Baillie Lodges says its long-held plans to create a luxury wilderness retreat on Tasmania’s rugged southeast coast will go ahead. Remarkable Lodge on the Tasman Peninsula will provide a welcome hike in visitor numbers to the region, around a 75 minute drive from Hobart and close to the World Heritage-listed Port Arthur historic site.
Owners James and Hayley Baillie and their four young sons were joined by Premier of Tasmania, Will Hodgman on the lodge site at Crescent Bay when making the announcement on 28 February. The $20 million Remarkable Lodge will be the fourth property in the Baillie Lodges swag of Australian luxury lodges upon its completion in 2020.
Remarkable Lodge will rest on its own spectacular headland, offering sea views extending to Tasman Island and Cape Pillar, home to the Southern Hemisphere’s highest vertical sea cliffs, as well as waterfalls, fascinating rock formations, archways and deep-sea caves.
The 43-hectare privately-owned property adjoins the Tasman National Park, promising a range of adventures for guests. The park is home to an abundance of wildlife including hundreds of seals, migrating whales, dolphins and sea birds. Visitors witness a frenzy of diving gannets, magnificent albatross and sea eagles, cormorants and peregrine falcons.
Renowned Tasmanian architects Stuart Tanner and Craig Rosevear collaborated on the vision. A contemporary wing-shaped design sits gently on the contour of the coastal landscape. Materials including stone, wood and concrete create an aesthetic true to the world’s best cool climate lodges, while each of its 20 suites deliver views of the Tasman Sea and its wilderness.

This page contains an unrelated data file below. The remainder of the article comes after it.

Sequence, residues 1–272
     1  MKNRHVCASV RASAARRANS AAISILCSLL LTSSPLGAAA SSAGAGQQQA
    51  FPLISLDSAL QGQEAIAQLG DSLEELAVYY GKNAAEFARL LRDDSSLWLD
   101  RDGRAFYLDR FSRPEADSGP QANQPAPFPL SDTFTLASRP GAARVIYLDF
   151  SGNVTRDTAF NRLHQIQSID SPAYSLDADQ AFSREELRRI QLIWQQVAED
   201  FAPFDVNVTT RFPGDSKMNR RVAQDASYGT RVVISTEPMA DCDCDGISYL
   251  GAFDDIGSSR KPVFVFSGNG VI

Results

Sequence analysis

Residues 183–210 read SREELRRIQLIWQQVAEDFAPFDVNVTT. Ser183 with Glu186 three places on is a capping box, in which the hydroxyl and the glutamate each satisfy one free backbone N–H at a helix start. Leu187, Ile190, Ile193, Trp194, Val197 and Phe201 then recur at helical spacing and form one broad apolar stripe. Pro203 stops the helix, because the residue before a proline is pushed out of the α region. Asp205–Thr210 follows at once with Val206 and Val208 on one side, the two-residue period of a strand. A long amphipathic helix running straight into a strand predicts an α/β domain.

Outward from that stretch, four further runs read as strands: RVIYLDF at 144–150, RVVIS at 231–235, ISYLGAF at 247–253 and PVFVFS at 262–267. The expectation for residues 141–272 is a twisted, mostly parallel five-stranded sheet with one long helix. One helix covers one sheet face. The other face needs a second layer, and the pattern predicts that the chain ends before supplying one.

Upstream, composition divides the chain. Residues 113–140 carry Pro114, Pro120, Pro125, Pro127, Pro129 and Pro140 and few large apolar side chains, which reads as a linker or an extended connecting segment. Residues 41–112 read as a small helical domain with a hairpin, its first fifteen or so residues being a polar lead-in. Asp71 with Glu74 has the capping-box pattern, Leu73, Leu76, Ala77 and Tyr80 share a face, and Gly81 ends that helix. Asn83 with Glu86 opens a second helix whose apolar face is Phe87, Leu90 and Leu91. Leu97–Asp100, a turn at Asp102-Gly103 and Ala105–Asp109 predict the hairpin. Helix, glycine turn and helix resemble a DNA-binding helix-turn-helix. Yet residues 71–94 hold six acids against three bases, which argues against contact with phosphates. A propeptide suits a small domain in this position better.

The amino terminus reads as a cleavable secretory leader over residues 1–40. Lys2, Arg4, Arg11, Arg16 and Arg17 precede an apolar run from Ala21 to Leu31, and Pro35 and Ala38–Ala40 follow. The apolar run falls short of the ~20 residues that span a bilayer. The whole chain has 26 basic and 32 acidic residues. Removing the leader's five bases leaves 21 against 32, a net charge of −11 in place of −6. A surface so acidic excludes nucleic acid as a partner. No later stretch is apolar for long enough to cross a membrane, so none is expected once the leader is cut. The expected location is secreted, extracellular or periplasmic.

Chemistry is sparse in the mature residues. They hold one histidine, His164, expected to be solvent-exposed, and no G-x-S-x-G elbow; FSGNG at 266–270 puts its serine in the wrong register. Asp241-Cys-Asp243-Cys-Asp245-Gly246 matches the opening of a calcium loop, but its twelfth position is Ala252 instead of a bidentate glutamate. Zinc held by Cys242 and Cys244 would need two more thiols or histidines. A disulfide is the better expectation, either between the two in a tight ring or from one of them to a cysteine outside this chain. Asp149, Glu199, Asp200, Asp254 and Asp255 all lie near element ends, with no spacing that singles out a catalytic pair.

The Great Room is the hub of guest activity, and includes a guest-only restaurant and bar, open fire and expansive terrace. Below is a bunker-style retreat with dedicated spa and indoor-outdoor swimming pool. Guests can explore Crescent Bay or take a short walk to Basket Bay and Remarkable Cave. A program of signature experiences of the destination are being developed, including a water-transported visit to the Port Arthur historic site, wilderness walks and a raft of marine adventures.
Owner James Baillie says the philosophy behind the Baillie Lodges guest experience is to create a real sense of place in each of the destinations in which they operate.
“After many years in the planning, Hayley and I are very excited to be adding the remarkable Tasman Peninsula to our collection of unique wilderness destinations around Australia,” Mr Baillie said.
“We see a fabulous opportunity to harness Tasmania’s already thriving food and beverage offering including fine wines, island beers, small-batch whiskies and gins, as well as fabulous produce including cheeses, oysters, seafood and beef.
“We believe Remarkable Lodge will provide a welcome boost to the local and regional economies. Not only will it create new, sustainable tourism jobs directly related to the lodge, but support industries including local tour operators, food and beverage producers, building suppliers and tradesmen, interior designers and local artists are also set to benefit.
“The Tasmanian Government has shown generous support for the project with $1million committed to infrastructure allowing more visitors access to the Tasman Peninsula whilst preserving the region’s spectacular natural assets.”
The Tasman Peninsula is recognised for its potential as a standout tourism destination, with its sheer cliffs, white-sand beaches, caves and wilderness a draw card for high-end visitors seeking an active experience from a luxury lodge base. The challenging Three Capes Walk follows a route close to the lodge, while a hike up nearby Mount Brown promises panoramic views to Tasman Island and beyond.
Work has already begun to fine tune the lodge’s design and guest experience concepts and will continue throughout 2018. Construction is expected to commence in 2019, with Remarkable Lodge flagged to open in 2020.
The Baillie Lodges portfolio of luxury properties currently includes Capella Lodge on Lord Howe Island, Southern Ocean Lodge on Kangaroo Island and Longitude 131° at Uluru-Kata Tjuta.